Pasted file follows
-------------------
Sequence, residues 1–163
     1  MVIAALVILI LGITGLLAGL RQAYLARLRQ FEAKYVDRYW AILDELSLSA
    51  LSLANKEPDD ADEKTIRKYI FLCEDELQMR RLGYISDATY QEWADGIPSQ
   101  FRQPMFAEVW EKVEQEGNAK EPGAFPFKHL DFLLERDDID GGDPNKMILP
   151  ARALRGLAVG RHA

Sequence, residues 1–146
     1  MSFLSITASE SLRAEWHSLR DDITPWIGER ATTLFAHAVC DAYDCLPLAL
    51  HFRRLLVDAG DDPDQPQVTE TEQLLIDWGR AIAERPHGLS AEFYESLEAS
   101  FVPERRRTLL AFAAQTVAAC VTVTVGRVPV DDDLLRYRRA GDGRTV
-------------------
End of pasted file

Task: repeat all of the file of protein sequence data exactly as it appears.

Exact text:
Sequence, residues 1–163
     1  MVIAALVILI LGITGLLAGL RQAYLARLRQ FEAKYVDRYW AILDELSLSA
    51  LSLANKEPDD ADEKTIRKYI FLCEDELQMR RLGYISDATY QEWADGIPSQ
   101  FRQPMFAEVW EKVEQEGNAK EPGAFPFKHL DFLLERDDID GGDPNKMILP
   151  ARALRGLAVG RHA

Sequence, residues 1–146
     1  MSFLSITASE SLRAEWHSLR DDITPWIGER ATTLFAHAVC DAYDCLPLAL
    51  HFRRLLVDAG DDPDQPQVTE TEQLLIDWGR AIAERPHGLS AEFYESLEAS
   101  FVPERRRTLL AFAAQTVAAC VTVTVGRVPV DDDLLRYRRA GDGRTV